Elsie Baltrip, left, takes a photograph of Lisa and Aaron Simonton as he was honored at the Monroe Senior Center.
MONROE - With no money in his pocket, hair hanging halfway down his back, and little more to call his own than the Honda 750 motorcycle between his legs, Aaron Simonton rode into town in 1975. The 28-year-old was an emotionally-broken veteran wanted by the Nixon-era FBI for active involvement in Vietnam Veterans Against the War.
"I was like Peter Fonda with real long hair," recalled Mr. Simonton, evoking the image of the iconoclastic star of the film Easy Rider. "I was riding around the country on my motorcycle, and I ran out of money in Temperance."
It was serendipity, because 30 years later, the once-disillusioned and unencumbered young Floridian has grown into one of Michigan's leading advocates for senior citizens and their issues - and one of their best friends. He was honored last week for his decades of single-minded dedication to a job he unceremoniously says "saved my life."
Mr. Simonton, executive director of the Monroe Senior Center, last week was awarded the 2005 Michigan Public Service Award from the American College of Health Care Administrators and was recognized by Michigan Gov. Jennifer Granholm for his decades of service to area seniors.
"I think God helps you find your true path, if you listen sometime," Mr. Simonton said last week, reflecting on his accomplishments over the last 30 years.
Now married with two adult daughters, he is president of the Michigan Association of Senior Centers, a board member of Mercy Memorial Hospital, and a representative on the newly formed Monroe County Suicide Prevention Committee.
He also was on the Governor's Long Term Care Task Force, and is a co-leader of the Monroe County Aging Consortium.
Three years after taking his job "on a dare," Mr. Simonton was a driving force behind efforts to build the 200-unit senior apartment building and the attached 10,000-square foot senior center in Monroe.
The center is operated in part with the proceeds from the countywide senior millage - which he helped pass - and runs a variety of health and social programs, care management services, assistance for cancer patients, and other programs.
Newly-elected Monroe County Circuit Court Judge Michael Weipert knew Mr. Simonton when they were both taking classes at Monroe County Community College and later worked with him for six years on the board of the Monroe Senior Center.
He has nothing but praise for Mr. Simonton.
"I think a lot of people don't realize that in Aaron we have an untapped expert on seniors and senior issues. He's a guy with a lot of insight and a lot of knowledge, and I think he's done a phenomenal job for the seniors of Monroe. He genuinely cares for them," Judge Weipert said.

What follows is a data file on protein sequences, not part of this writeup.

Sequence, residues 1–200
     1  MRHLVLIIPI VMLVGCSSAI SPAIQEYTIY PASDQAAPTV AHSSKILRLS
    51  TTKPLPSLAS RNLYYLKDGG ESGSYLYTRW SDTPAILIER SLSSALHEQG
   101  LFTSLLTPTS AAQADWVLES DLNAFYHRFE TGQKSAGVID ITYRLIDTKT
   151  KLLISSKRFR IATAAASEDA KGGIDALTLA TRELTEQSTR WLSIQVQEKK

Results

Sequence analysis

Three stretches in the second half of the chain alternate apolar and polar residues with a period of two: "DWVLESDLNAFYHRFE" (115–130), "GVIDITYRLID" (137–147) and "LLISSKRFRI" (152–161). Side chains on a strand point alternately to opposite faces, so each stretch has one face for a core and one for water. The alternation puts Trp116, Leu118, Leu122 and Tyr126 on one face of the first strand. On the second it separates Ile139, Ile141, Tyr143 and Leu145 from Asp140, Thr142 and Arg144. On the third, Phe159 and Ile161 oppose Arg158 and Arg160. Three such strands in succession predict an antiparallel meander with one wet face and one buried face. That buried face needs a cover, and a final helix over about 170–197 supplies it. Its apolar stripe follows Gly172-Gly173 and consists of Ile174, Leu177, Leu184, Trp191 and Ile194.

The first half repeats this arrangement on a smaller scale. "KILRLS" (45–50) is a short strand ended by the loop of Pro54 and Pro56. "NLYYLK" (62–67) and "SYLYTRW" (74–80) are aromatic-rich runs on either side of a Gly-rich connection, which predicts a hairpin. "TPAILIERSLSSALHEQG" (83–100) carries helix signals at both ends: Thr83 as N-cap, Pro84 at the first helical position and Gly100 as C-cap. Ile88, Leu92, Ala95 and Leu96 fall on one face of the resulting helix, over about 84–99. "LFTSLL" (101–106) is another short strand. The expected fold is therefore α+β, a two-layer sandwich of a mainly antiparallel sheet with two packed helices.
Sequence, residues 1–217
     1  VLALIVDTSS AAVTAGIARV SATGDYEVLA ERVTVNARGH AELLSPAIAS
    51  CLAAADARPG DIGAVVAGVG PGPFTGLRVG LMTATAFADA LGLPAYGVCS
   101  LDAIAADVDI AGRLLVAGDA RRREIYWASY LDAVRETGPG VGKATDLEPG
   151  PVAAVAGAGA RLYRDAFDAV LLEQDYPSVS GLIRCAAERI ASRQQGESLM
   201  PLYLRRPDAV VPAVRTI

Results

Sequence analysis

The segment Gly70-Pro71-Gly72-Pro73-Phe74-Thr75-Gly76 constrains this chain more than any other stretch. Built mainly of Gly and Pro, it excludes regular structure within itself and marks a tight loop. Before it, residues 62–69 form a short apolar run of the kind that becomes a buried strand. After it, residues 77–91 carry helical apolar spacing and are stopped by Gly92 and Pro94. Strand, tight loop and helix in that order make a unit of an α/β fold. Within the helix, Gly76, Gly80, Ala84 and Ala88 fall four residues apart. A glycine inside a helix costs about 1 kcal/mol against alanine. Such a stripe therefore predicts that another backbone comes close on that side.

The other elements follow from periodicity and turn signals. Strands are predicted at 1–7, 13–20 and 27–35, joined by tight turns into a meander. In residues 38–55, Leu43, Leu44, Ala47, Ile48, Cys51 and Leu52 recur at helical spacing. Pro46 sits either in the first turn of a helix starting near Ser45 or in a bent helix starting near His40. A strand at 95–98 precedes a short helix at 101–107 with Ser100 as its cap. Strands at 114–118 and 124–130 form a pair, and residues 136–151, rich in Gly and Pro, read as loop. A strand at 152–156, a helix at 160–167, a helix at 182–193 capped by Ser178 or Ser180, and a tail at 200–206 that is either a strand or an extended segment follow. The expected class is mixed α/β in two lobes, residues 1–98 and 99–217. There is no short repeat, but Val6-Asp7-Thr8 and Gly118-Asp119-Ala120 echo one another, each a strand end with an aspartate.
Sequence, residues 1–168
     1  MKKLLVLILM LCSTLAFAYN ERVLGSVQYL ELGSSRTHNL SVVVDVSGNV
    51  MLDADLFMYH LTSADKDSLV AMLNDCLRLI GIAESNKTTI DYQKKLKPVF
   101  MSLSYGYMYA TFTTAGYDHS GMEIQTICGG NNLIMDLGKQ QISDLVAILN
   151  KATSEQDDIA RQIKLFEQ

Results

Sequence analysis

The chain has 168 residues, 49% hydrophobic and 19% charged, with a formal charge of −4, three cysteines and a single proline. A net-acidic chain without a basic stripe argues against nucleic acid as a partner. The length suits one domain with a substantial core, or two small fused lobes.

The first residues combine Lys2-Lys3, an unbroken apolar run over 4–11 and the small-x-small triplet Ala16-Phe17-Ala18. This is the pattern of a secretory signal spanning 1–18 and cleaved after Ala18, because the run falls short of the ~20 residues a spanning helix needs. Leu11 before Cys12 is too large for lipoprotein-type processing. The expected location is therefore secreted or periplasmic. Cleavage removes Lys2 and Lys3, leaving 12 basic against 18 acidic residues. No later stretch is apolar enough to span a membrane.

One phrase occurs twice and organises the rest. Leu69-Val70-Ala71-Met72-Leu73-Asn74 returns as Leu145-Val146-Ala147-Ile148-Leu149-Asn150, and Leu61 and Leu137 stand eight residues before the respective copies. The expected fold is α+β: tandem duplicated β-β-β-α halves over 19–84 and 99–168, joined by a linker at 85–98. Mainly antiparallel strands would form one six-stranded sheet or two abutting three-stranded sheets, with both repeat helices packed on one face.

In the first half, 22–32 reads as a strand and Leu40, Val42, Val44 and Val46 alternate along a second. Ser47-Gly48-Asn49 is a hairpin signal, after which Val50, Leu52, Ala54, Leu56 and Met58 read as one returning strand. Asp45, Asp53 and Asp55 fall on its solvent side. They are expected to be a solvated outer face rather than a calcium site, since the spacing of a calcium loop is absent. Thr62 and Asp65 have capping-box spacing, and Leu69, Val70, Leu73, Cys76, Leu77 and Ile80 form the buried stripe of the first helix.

Like so many from his generation, Mr. Simonton's experience in Vietnam changed his life.
He had volunteered for the army with the most patriotic intentions and worked at a forward supply base that came under regular and brutal attacks.
"I volunteered because I believed in all that God and mother and country. I wasn't a hero," he said.
"I discovered right away that I was a coward. I knew I couldn't hurt people. It occurred to me that this was the first time I was truly alone, and separated from my brother," Mr. Simonton said, speaking of his identical twin brother, Paul, who later followed Aaron from Miami to Monroe County, where Paul now heads the county's adult probation department.
But his experience in Vietnam in 1967-68 "kicked out all the underpinnings of my life," Mr. Simonton said.
When he returned to the states, he actively fought the war with other veterans and quickly became a target of the FBI, who showed up at his Michigan mailbox one morning with a threat: testify for the government against eight of his fellow antiwar demonstrators in Gainesville, Fla., or join them in the dock.
He testified, they were acquitted, and Mr. Simonton returned to Monroe.
His story could have ended there, but Mr. Simonton found his salvation in an odd place: among an older generation that fought its own wars, both foreign and domestic.
"It was the love and the guidance and the respect that those people gave me that saved me," Mr. Simonton said.
"Really, it was that group of people that created all the services and programs that the elderly today depend on. They had organized unions, run businesses, contributed to the country in so many ways."
He dedicated himself to their causes, befriending them as they had befriended him in his hour of need.
And over 30 years, Mr. Simonton has watched thousands of his friends die, given scores of eulogies, and worked as hard as he could to make seniors realize just how powerful they still are.
"I'd do this if they couldn't pay me. They couldn't stop me. They'd have to drag me out of here kicking and screaming," Mr. Simonton said.
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